Belgian smoking laws gone mad?

After the mammoth trip sourcing beer, we had a bit of time spare so we headed to a small cafe (that shall remain nameless) for a bite to eat.

Now, whereas I prefer to visit bars that are non smoking, some of them are not and that’s a fact of life. Some pubs in the UK get around their smoking ban by erecting shelters that often do little to keep cigarette smoke out of the bar area.

As I understand it, the law in Belgium now states that if you are a bar under a certain size then you can allow smoking. If you are over a certain size then you must have a separate area, but judging by some of these, the separate area just needs to be a different bit of the bar – there needs to be no partition or anything!

Anyway, when we arrived at the bar-that-is-unnamed, the menu on the wall had gone. I asked the lady if they did food, and she more or less said that they did it ‘on the side’ and we would have to eat it in a separate room otherwise if she was caught by the authorities, she would have to “pay an amount”!

We had our meal in the separate room, and it was still just as smoky as the main room…

Driving round Belgium looking for beer

Between October and April, P&O Ferries have a special price starting at £74 for a car + 2 people for the overnight sailing between Hull and Zeebrugge and return. As this gives a full day in Belgium, many beer places can be visited…

Drankencentraal Rotsaert, Zedelgem

Remi Claeysstraat 28, Zedelgem
Mon-Fri 9-12, 13-18; Sat 9-12, 13-17; Sun Closed
050 20 94 98

A well established beer warehouse in the area that I’d not visited before. With perhaps around 500 beers on offer (although there didn’t seem anywhere near that number in the warehouse), 50 or so of them were new for me. My excitement for being able to get a couple of crates of ‘winners’ soon waned when I saw that most of them were only available in 4 packs that they’d assembled themselves. Sorry Mr Rotsaert – that meant I bought less, not more.

Half an hour or so along the motorway is the tiny brewery of

Alvinne, Heule

 

Brewery and shop have relocated to Moen

Mellestraat 138, Heule
Open alternate Saturdays 10:30-16, or by appointment
0486 555314

Firstly, the opening hours may seem at first a bit sparse, but in reality, I’ve never found them closed! All it takes is a quick email to the address on their website or a message on Facebook and there’s someone there.

The brewery and beer shop are very easy to miss. I’ve lost count of how many times I’ve screeched to a halt after I’ve gone past, only to reverse back to it!

Climbing into the upstairs part of the brewery reveals what is perhaps one of the regions best beer shops. They leave all the others in the area to stock the common (and not so common) beers – Alvinne stock the excellent and rare to find beers, not just from Belgium, but Denmark, Norway, Germany, France, USA and a few others as well as their own range of beers.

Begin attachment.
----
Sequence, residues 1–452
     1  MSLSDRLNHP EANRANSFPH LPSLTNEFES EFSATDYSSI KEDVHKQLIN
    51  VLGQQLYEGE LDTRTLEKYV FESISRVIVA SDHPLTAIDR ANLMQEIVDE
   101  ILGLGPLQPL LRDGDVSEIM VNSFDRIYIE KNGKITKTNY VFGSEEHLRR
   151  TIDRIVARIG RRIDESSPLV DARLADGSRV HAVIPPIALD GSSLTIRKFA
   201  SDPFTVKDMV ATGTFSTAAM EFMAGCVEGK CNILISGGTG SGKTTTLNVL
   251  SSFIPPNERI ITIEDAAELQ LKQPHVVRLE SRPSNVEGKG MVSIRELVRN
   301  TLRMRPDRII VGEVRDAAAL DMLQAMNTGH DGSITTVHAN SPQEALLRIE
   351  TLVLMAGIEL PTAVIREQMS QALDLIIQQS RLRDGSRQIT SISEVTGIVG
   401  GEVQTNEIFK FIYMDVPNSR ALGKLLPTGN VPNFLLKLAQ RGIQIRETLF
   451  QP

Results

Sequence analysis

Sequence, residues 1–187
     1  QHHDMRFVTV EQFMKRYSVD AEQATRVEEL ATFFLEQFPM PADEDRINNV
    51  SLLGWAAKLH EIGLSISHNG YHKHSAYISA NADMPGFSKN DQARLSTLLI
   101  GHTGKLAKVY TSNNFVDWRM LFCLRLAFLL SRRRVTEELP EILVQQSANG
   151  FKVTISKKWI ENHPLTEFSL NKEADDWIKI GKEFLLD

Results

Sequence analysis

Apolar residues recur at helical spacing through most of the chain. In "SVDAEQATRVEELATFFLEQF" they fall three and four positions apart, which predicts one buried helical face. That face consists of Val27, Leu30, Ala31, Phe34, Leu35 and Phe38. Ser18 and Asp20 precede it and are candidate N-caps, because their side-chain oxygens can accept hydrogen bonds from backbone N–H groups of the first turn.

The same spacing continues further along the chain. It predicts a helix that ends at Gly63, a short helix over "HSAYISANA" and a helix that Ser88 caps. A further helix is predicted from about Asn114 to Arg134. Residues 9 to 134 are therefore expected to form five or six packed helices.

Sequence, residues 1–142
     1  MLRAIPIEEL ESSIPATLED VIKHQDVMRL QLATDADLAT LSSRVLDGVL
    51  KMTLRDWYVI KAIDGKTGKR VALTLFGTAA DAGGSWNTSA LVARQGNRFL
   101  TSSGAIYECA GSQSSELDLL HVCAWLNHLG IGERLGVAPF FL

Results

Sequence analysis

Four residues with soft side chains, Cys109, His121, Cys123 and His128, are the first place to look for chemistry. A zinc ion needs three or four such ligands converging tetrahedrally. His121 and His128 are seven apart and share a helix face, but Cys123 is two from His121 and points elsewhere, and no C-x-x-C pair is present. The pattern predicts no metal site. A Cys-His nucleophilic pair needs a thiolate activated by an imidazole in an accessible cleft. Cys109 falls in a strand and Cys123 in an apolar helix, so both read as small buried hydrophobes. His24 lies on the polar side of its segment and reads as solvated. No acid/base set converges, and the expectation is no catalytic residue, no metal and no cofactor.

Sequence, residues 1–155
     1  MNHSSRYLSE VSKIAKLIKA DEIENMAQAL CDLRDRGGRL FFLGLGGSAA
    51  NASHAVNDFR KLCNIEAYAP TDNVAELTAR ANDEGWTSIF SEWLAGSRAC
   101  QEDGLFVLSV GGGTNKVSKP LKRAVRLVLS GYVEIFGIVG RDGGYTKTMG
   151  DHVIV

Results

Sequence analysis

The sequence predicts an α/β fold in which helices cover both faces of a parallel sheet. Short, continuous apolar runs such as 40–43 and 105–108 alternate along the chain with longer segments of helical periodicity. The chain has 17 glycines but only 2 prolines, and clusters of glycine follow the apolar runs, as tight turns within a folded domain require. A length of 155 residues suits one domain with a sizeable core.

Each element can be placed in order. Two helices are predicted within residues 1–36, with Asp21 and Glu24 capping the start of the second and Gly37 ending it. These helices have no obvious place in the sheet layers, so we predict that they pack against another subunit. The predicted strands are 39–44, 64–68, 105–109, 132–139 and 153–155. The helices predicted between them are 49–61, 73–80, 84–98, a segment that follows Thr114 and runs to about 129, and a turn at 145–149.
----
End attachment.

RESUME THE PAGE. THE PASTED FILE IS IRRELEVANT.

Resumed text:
To be honest, their own range of beers are out of this world and range from the inky black (but not ‘burnt’) Balthazar to the hop fests of Gaspar and the Hoptrilogy range.

Give them a call and pop in – you won’t be disappointed.

Next on the list to visit were

Brasserie Vanuxeem

Rue d’Armentières 150, Ploegsteert
Mon-Sat 08-18:50; Sun closed
056 58 89 23

Firstly, Brasserie Vanuxeem is not a brewery – it’s a warehouse! It’s situated in an enclave of the Hainaut province. Even though it’s surrounded by Flemish speaking Belgium and the nearest part of Hainaut is miles away, this collection of 4 or 5 small towns speak French. The town name – Ploegsteert is a Flemish name, but don’t let that fool you. Speak Flemish and you’ll be treated like a weirdo.

Anyhow, Brasserie Vanuxeem have a house brand beer- ‘Queue de Charrue’. Until recently, they had 3 beers – Blonde (9%), Brune and Ambree. These were brewed by three different breweries (Van Steenberge, Verhaeghe-Vichte and Du Bocq respectively). Then, the Blonde was renamed ‘Triple’. More recently, in 2008, a new Blonde was launched at 6.6% and brewed by Du Bocq also. The three original beers came in 250ml bottles, but this new Blonde arrives in a 330ml bottle. Finally, the Ambree now is in a 330ml bottle with the new style label – I’m not sure if this is just part of their rebranding or if it’s brewed elsewhere. Phew!

To summarise –
Blonde 9% – brewed by Van Steenberge and now known as Triple in 250ml bottles
Brune – brewed by Verhaeghe-Vichte in 250ml bottles
Ambee – brewed by Du Bocq originally in 250ml bottles, but now in 330ml and probably still brewed by Du Bocq
Triple 6.6% – brewed by Du Bocq in 330ml bottles.

As well as this quartet, they have around 500 other beers to choose from, as well as spirits, wine, soft drinks and anything else you might want need to run a cafe in Belgium, ranging from cup a soups to little biscuity snacks. I’ve always enjoyed visiting but sadly now, most of their beers I’ve tried before. I’ll still keep going as prices are very competitive and the wife likes the Queue de Charrue Blonde. Or is it Triple?

Following a trip to the supermarket, we headed north along the motorway back in the direction of Zeebrugge and called in at …

Bierboom, Brugge

Langestraat 73, Brugge
Mon-Tue 10-19, Wed closed, Thu-Sat 10-19, Sun closed (although website says it’s open)
050 34 99 36

I’d heard a lot about this cafe / shop and to be honest, it’s interesting. There’s a good selection of beers – not the biggest but reasonable, and always a tick or two for me! You can take the bottles away or enjoy them with one or two Jupiler drinking locals at the rear of the shop for no extra charge! Probably the cheapest place in Brugge to drink beer.